Take the 2-minute tour ×
Stack Overflow is a question and answer site for professional and enthusiast programmers. It's 100% free, no registration required.

Like with browser games. User constructs building, and a timer is set for a specific date/time to finish the construction and spawn the building.

I imagined having something like a deamon, but how would that work? To me it seems that spinning + polling is not the way to go. I looked at async_observer, but is that a good fit for something like this?

share|improve this question

4 Answers 4

up vote 1 down vote accepted

If you only need the event to be visible to the owning player, then the model can report its updated status on demand and we're done, move along, there's nothing to see here.

If, on the other hand, it needs to be visible to anyone from the time of its scheduled creation, then the problem is a little more interesting.

I'd say you need two things. A queue into which you can put timed events (a database table would do nicely) and a background process, either running continuously or restarted frequently, that pulls events scheduled to occur since the last execution (or those that are imminent, I suppose) and actions them.

Looking at the list of options on the Rails wiki, it appears that there is no One True Solution yet. Let's hope that one of them fits the bill.

share|improve this answer

I just did exactly this thing for a PBBG I'm working on (Big Villain, you can see the work in progress at MadGamesLab.com). Anyway, I went with a commands table where user commands each generated exactly one entry and an events table with one or more entries per command (linking back to the command). A secondary daemon run using script/runner to get it started polls the event table periodically and runs events whose time has passed.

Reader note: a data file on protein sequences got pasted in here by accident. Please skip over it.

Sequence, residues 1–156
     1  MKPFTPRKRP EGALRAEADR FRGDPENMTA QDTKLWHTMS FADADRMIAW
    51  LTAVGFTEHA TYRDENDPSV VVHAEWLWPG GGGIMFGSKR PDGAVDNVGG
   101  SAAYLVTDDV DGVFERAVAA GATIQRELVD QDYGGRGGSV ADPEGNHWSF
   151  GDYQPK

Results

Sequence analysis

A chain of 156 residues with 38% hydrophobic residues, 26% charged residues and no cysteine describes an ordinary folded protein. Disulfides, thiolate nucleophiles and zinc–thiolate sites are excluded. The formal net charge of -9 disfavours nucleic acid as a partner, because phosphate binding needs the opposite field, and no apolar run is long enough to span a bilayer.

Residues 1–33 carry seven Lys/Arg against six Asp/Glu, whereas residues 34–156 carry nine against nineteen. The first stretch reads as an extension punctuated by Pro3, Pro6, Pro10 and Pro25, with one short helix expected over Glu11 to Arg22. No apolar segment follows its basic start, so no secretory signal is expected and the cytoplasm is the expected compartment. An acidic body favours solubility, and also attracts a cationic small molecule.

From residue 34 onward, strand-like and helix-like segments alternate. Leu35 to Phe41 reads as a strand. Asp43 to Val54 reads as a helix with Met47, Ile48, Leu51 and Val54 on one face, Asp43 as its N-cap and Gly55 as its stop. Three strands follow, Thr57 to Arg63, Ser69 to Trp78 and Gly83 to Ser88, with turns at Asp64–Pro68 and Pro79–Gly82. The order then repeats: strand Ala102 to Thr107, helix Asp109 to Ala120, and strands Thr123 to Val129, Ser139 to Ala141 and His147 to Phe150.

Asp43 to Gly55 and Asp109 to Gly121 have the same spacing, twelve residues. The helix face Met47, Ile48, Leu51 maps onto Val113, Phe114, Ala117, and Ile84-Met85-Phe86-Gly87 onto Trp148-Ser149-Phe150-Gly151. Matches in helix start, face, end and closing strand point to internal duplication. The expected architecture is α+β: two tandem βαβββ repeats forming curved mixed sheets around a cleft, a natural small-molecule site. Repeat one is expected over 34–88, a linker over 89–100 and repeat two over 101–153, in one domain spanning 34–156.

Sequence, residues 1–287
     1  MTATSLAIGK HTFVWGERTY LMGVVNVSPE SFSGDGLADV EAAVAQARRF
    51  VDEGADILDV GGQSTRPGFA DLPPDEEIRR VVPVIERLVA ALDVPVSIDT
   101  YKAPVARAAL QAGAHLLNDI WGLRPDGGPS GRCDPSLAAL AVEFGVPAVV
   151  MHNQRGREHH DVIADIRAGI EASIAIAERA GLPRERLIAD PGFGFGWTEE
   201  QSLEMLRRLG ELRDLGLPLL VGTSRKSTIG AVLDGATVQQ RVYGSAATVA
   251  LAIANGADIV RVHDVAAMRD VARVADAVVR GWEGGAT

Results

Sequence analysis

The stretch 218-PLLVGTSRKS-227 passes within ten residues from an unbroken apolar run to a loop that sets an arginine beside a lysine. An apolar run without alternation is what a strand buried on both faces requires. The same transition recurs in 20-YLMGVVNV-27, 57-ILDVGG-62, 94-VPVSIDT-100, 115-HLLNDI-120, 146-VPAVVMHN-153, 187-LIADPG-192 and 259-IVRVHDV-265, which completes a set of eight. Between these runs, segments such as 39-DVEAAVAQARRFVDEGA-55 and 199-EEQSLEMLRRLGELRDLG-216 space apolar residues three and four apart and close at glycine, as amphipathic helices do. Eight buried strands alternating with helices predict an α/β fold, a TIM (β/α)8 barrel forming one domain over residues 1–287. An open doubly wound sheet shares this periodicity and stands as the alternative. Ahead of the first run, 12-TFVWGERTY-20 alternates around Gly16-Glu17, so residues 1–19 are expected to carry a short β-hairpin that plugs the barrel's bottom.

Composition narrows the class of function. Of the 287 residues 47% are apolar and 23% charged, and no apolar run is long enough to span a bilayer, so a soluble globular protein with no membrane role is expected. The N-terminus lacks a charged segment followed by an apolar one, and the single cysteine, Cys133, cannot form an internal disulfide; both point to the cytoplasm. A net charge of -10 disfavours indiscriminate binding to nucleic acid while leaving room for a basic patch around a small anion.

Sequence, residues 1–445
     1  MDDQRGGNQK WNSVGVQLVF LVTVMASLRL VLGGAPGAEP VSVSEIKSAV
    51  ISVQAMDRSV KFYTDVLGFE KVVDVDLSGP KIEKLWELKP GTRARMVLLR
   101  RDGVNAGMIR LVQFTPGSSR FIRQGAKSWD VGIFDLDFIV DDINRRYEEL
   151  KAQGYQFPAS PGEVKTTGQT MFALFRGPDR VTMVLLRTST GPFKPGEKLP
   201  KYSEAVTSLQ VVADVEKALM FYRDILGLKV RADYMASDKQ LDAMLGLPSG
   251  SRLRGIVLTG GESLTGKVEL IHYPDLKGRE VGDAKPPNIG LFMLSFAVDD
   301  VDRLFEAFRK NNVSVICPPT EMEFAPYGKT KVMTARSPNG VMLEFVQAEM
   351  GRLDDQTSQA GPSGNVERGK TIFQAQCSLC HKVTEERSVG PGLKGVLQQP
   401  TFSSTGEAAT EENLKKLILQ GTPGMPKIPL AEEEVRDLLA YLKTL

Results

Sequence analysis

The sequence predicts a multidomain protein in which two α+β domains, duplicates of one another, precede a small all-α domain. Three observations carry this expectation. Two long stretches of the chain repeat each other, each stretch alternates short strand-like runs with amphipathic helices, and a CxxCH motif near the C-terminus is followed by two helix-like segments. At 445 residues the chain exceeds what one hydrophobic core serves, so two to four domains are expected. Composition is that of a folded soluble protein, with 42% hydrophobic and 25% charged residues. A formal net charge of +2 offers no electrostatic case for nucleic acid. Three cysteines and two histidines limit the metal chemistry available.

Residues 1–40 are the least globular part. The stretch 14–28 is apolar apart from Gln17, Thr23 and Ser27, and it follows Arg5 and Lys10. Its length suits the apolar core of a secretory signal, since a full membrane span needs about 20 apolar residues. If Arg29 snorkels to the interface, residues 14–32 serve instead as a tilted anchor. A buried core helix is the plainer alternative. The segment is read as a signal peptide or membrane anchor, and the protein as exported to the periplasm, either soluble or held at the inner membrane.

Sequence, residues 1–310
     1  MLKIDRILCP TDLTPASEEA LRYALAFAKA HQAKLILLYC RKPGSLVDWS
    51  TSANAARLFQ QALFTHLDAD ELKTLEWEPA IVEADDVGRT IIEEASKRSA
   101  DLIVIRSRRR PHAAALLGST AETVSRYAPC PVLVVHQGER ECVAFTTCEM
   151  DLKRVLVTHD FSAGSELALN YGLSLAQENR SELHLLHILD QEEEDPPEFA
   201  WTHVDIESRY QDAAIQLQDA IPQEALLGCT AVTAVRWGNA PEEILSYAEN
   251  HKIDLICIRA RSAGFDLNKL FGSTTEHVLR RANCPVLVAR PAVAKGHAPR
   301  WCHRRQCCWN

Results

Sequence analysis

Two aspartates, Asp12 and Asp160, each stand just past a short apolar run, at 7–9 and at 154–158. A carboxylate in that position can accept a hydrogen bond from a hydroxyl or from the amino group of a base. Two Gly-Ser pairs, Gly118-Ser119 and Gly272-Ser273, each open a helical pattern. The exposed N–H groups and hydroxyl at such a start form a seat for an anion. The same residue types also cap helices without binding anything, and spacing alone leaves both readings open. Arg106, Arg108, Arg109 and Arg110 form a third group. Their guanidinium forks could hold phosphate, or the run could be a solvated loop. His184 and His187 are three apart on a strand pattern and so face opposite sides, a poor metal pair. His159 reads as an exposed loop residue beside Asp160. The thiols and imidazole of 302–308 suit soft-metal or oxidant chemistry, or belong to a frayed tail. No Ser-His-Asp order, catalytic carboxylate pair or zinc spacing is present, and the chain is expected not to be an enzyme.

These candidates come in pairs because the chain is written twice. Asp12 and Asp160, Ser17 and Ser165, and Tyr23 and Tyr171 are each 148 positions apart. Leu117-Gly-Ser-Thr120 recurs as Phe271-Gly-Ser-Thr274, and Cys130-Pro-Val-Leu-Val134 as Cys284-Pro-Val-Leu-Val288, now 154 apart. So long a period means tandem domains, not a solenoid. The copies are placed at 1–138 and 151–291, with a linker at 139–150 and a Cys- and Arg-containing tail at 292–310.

So far it seems to work quite well, unless I see some problem when I throw large number of users at it, I'm not planning to change it.

share|improve this answer

To a certian extent it depends on how much logic is on your front end, and how much is in your model. If you know how much time will elapse before something happens you can keep most of the logic on the front end.

I would use your model to determin the state of things, and on a paticular request you can check to see if it is built or not. I don't see why you would need a background worker for this.

share|improve this answer
    
Well there can be multiple users and many of these timed events at once. I could loop through all previous event in the page requests but this A. gives concurrency problems (multiple instances doing the same things) and B. makes requests slower. –  Sijmen Mulder Jan 30 '09 at 15:35

I would use AJAX to start a timer (see Periodical Executor) for updating your UI. On the model side, just keep track of the created_at column for your building and only allow it to be used if its construction time has elapsed. That way you don't have to take a trip to your db every few seconds to see if your building is done.

share|improve this answer

Your Answer

 
discard

By posting your answer, you agree to the privacy policy and terms of service.

Not the answer you're looking for? Browse other questions tagged or ask your own question.